There are three driving modes: EV, or all-electric, with a very limited distance at 25 mph or less (if there's enough juice in the battery), most useful for underground parking garages; ECO, which minimizes fuel consumption by reducing the throttle opening and restricting the air conditioning; and Power for full acceleration. 

The difference between Power and ECO is 4.1 seconds from 50 to 70 mph, versus 5.8 seconds. If you're in ECO and floor it, it will kick itself into Power, which is also the default mode when you start it up. So you have to set ECO mode at every stop, to get the best mileage. But we wonder why anyone would drive around town in Power mode, because ECO feels no slower. The Prius accelerates from 0 to 60 mph in 9.8 seconds, usually fast enough though slow by modern standards. 

When you accelerate hard and it kicks into Power mode, it can be abrupt, like a transmission kick-down. But like all hybrids it uses a CVT, continuously variable transmission, which is technically not an automatic because it doesn't have gears. Most of the time you're not aware the Prius CVT is there, which is how they're supposed to work. 

The Prius is EPA-rated at 51 city and 48 highway, for a combined 50 miles per gallon. We got 54 mpg driving gently but still sometimes using Power mode, over 23 miles of city-highway driving; and later 70.5 mpg over a 34-mile street course in a competition with other automotive journalists. We averaged 28 mph, about average for the group. 

The winner, a specialist hypermiler, got 94.6 mpg driving by all the tricks. He averaged 19 mph, moving at about 30 mph in the far right emergency lane of the 50-mph highway, showing that it takes travel in an unreal world to achieve those big numbers. An opposite leadfoot extremist managed to get 26.8 mpg. The other 26 of 28 drivers got between 63.3 and 75.3 mpg. 

Later, during our one-week drive of the prototype PHV, we got 41.8 mpg for about 180 miles, 26 of them on full electric, and most of the rest at 65-70 mpg in Power mode. 

One flaw in the Prius is its bumpy ride: pretty rough over patchy stuff, we noted during our test drive. The suspension was given a slightly wider track and increased roll rigidity for 2010. The pre-2010 Prius didn't feel as harsh. The 15-inch wheels are fitted with low-rolling-resistance tires (195/65R15), and maybe that explains it. 

We also drove a Prius with the optional 17-inch wheels and 215/45R17 tires, which felt slightly smoother although theoretically they should be firmer; we got better mileage with them, 57.4 mpg, although the Prius chief engineer said the 17s deliver about 5-percent less mileage.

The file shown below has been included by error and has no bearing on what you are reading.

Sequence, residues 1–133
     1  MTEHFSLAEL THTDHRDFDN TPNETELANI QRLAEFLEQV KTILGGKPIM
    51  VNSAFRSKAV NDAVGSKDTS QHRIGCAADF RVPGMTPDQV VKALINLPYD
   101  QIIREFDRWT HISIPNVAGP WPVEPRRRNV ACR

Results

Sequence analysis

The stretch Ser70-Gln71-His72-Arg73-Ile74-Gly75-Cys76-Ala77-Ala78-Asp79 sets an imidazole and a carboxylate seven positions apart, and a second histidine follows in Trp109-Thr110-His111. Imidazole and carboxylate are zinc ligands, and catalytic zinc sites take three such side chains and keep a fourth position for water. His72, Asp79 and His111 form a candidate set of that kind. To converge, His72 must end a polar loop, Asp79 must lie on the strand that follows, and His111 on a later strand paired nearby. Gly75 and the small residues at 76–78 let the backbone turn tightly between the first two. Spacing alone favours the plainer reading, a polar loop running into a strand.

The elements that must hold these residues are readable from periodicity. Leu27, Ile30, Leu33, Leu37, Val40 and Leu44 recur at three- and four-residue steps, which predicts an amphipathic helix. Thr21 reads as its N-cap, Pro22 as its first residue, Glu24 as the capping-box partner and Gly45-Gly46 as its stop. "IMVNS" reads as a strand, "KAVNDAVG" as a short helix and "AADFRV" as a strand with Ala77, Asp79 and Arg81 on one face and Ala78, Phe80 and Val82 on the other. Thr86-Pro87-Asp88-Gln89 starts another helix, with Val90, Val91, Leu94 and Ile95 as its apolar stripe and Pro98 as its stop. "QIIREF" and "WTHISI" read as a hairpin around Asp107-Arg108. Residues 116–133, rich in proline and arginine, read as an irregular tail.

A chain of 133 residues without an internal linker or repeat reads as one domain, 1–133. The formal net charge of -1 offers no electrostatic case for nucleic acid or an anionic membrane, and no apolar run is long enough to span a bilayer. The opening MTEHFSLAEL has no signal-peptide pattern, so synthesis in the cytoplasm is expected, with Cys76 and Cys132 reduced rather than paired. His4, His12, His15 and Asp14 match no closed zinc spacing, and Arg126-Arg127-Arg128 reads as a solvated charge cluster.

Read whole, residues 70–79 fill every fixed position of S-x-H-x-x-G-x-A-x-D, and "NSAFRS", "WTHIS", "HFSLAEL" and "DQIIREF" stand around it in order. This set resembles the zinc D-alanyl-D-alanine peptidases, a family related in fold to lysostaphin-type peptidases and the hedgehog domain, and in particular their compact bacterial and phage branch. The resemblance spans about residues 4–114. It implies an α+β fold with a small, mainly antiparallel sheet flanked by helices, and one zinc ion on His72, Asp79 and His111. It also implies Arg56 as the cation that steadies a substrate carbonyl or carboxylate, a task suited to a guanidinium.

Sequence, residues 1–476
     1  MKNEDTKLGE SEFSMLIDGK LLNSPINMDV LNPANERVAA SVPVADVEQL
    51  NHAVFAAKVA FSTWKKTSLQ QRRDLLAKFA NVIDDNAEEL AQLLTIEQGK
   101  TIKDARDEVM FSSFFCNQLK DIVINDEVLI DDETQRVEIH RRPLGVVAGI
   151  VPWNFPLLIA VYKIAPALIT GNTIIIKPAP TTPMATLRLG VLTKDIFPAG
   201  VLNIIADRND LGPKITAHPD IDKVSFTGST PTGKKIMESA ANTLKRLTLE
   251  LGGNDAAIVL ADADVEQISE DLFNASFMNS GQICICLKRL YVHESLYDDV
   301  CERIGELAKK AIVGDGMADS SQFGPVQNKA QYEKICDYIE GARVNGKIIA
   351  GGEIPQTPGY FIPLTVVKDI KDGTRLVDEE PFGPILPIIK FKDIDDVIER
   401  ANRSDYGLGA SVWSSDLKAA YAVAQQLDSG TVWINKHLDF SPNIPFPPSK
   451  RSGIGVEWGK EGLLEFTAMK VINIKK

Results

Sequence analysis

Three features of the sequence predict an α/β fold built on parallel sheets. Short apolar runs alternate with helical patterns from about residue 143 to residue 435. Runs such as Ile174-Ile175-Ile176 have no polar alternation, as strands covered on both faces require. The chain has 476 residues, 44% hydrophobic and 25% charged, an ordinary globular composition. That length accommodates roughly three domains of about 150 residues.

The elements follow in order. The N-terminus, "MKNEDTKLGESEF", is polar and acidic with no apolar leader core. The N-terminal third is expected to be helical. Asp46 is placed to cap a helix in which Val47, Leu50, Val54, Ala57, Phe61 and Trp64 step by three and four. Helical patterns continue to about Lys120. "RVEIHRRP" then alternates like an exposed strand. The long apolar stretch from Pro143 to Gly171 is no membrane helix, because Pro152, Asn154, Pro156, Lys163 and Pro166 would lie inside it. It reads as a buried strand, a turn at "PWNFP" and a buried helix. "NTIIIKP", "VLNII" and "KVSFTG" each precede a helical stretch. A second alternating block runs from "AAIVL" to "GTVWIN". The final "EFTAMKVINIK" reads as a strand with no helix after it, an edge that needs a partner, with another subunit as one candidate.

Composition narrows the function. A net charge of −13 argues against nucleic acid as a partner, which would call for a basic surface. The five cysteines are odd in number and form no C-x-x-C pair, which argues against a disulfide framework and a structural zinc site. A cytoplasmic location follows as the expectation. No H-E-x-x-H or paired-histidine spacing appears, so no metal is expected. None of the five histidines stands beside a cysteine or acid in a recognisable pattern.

We thought road noise was high. 

The four-wheel disc brakes are sensitive, and we could hear rubbing at low speeds with ours, partly because there was no engine noise when backing off, and possibly because of the regenerative braking component: the more you use the brakes, the more battery juice you build up, enabling you to use EV mode more. On our 70.5-mpg run, we gently used the brakes a lot in city traffic, so we would get as many blocks as possible out of EV mode. 

The handling is light enough around town, but out on the road, if you try to drive it aggressively in corners, it turns heavy and slow. The slower you drive it, the better it is. That said, cornering is much improved over pre-2010 models with the redesigned chassis and suspension. 

We tested the optional Intelligent Parking Assist, part of the Advanced Technology Package available for Prius V, which parallel parks the car for you, if the space is big enough. It needs a margin of 7 feet 9 inches, more than half the length of the car; most drivers can handle a space that big with no worries, so it's fair to ask what's the point, unless you're not at all competent at parallel parking (and we know skilled race drivers who fit that description). Like many high-tech innovations, it does it because it can. You can set the distance you desire to the curb. Pull up, line up, press the button, it tells you when to go; then release the brake pedal and take your hands off the steering wheel and let it do its thing. 


The 2011 Toyota Prius achieves an EPA-estimated 51/48 mpg. It's practical, with plenty of cargo space. The interior design is futuristic without being out there, and the front seats are comfortable. The available leather and upgraded materials are classy. The suspension is sharp over patchy pavement, and road noise is surprisingly high. 

Sam Moses filed this report to NewCarTestDrive.com after his test drive of the Prius in California's Napa Valley and of a Prius PHV prototype near Portland, Oregon. 

Model Lineup

Prius II ($23,050); Prius III ($24,050); Prius IV ($26,850); Prius V ($28,370). 

Assembled In


Options As Tested

Navigation Package ($1,930) includes voice-activated touch-screen DVD navigation system with JBL AM/FM/MP3 four-disc CD changer, eight speakers, integrated satellite radio capability, XM NavTraffic capability, hands-free phone capability and music streaming via Bluetooth wireless technology and integrated backup camera. 

Model Tested

Prius III ($24,050).